Laying of the Foundation Stone

Rev Thomas Chalmers laid the foundation stone for New College on 3rd June 1846. The prayer of dedication and Chalmer’s address were witnessed by around 1000 people. During his address, Chamlers proclaimed to those present:

Let us not imagine, then, that the edifice whose foundation is now being laid, shortly to arise in graceful superstructure to delight the eye, we hope, of admiring citizens, is only to serve as an idle decoration for the metropolis of our land. Let it be our endeavour and our prayer that it shall become a fountain-head, where the waters of light might issue forth, for the healing of our families.

Hugh Watt, New College, Edinburgh: A Centenary History (Oliver and Boyd: Edinburgh, 1946) p. 3.

Click on the images below to see the laying of the foundation stone taken by David Octavious Hill and Robert Adamson.

Black and white photo of the Laying of the foundation stone at New College in 1846
©National Galleries of Scotland
Monochrome photo of the laying of the foundation stone at New College in 1846
©National Galleries of Scotland


As part of the ceremony, Chalmers laid a glass jar containing a number of objects and documents beneath the foundation stone. The chosen articles included a copy of the Claim of Right if 1842, a copy of the Protest of 1843, the College Committee’s 1846 Report, a copy of Chalmers’s lectures on Ecclesiastical Establishments, and a set of coins of the realm.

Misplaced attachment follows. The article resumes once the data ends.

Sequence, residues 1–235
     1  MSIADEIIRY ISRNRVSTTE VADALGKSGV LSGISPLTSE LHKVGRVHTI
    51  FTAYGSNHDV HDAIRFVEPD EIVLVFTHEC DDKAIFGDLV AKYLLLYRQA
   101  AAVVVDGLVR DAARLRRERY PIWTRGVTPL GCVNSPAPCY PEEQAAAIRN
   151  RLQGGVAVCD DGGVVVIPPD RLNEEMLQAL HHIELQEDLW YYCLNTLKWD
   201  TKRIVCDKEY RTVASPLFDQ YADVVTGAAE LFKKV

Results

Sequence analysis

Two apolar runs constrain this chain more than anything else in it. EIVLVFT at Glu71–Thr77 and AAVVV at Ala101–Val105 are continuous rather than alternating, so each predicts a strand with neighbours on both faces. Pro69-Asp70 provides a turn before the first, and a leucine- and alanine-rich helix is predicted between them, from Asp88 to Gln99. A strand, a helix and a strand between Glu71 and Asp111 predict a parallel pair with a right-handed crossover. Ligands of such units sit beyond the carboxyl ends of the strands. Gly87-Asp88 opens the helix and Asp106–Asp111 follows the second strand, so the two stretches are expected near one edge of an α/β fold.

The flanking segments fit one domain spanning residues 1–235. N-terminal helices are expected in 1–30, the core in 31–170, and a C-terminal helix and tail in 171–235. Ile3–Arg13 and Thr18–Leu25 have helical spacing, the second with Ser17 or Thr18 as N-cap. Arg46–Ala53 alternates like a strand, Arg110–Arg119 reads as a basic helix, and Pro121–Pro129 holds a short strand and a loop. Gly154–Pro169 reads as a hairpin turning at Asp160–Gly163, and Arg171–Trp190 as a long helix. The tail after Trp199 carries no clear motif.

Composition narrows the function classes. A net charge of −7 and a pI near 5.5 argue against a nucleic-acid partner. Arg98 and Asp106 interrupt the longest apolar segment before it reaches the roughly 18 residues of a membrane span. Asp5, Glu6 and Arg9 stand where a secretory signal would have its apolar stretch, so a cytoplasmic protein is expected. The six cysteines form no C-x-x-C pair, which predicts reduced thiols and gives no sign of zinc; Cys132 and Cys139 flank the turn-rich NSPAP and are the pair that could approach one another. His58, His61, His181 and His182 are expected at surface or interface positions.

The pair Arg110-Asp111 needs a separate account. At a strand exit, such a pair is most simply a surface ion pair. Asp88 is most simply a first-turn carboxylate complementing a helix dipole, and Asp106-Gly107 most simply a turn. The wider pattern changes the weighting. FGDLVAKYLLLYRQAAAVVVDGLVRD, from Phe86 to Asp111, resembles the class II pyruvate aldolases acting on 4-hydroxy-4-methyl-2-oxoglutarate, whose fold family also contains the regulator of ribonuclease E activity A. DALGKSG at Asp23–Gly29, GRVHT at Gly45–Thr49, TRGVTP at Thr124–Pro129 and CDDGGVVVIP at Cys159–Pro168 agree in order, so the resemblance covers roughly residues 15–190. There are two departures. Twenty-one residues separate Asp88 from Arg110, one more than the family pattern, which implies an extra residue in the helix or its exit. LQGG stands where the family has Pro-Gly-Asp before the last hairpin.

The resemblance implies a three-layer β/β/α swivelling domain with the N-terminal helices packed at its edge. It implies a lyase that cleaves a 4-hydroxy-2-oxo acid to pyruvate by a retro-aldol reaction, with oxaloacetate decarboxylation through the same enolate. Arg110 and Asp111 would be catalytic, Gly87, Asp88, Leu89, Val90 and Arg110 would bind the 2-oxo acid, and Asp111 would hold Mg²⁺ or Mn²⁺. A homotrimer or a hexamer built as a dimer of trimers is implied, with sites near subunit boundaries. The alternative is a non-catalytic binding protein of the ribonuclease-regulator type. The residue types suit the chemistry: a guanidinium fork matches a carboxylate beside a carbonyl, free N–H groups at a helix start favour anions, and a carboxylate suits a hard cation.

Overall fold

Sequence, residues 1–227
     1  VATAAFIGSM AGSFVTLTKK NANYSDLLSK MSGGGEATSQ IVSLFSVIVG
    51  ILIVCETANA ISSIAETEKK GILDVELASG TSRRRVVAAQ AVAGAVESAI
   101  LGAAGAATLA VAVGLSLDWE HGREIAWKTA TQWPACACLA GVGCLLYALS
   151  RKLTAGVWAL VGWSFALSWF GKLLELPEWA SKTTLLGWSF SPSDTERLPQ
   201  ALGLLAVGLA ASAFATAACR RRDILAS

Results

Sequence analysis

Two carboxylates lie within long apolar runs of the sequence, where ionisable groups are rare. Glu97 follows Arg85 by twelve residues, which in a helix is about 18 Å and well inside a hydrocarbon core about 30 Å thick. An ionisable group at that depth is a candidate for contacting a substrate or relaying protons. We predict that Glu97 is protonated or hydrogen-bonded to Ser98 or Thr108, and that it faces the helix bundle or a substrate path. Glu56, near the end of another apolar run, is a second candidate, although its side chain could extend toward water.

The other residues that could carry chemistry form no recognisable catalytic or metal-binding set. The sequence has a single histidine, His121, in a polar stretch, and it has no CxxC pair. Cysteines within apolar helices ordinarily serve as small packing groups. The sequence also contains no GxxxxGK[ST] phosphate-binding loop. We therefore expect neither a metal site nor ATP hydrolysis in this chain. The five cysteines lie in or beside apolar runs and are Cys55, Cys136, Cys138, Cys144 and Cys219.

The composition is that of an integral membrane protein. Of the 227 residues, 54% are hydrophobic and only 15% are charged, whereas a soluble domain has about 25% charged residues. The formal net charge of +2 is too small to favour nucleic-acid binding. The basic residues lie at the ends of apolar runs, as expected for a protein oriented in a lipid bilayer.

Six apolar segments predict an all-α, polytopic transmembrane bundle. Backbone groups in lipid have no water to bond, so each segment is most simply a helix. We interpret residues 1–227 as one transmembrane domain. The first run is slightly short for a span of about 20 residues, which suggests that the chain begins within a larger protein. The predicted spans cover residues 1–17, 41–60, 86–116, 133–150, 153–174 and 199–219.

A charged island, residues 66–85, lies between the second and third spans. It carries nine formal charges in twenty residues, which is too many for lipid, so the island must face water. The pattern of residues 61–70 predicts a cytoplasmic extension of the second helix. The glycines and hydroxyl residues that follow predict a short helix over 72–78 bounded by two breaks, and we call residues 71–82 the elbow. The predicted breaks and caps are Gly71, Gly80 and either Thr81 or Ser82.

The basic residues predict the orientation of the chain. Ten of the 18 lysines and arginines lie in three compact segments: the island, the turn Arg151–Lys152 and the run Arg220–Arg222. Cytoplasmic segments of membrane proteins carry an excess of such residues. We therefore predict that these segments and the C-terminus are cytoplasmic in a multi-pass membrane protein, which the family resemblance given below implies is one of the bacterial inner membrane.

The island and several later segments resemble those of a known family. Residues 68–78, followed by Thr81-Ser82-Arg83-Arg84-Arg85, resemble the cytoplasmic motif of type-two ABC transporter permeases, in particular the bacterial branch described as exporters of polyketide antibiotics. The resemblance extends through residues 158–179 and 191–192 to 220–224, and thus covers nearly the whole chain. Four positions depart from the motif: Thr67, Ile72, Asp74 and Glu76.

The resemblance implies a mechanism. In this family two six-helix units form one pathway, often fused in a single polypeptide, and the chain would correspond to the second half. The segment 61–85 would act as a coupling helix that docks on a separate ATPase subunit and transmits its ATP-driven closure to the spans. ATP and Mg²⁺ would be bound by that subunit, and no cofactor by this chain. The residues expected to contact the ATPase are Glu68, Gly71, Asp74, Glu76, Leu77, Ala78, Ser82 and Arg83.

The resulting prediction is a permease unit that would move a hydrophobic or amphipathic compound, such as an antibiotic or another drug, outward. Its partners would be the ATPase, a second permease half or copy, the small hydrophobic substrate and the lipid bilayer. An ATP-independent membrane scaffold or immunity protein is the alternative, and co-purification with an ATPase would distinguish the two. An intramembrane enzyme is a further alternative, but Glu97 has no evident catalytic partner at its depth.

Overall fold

Among the artefacts found in New College’s Special Collections is a broken bottle. When writing his Centenary History of the School, Watt posited that Chalmer’s unintentionally broke the bottle (Watt, p. 46).

A letter from William Playfair reveals that Watt was correct, though Chalmers was apparently unaware of his blunder:

I learn from Mr Smith the Contractor for the New College – that yesterday, Dr Chalmers unknowingly broke the bottle when putting it into the stone. He (Smith) said nothing for fear of creating confusion. I have ordered a new bottle and if you say nothing to the contrary, I intend to see the whole replaced myself.

(Playfair to Alexander Monteith, 4 June 1846, AA 1 5 11)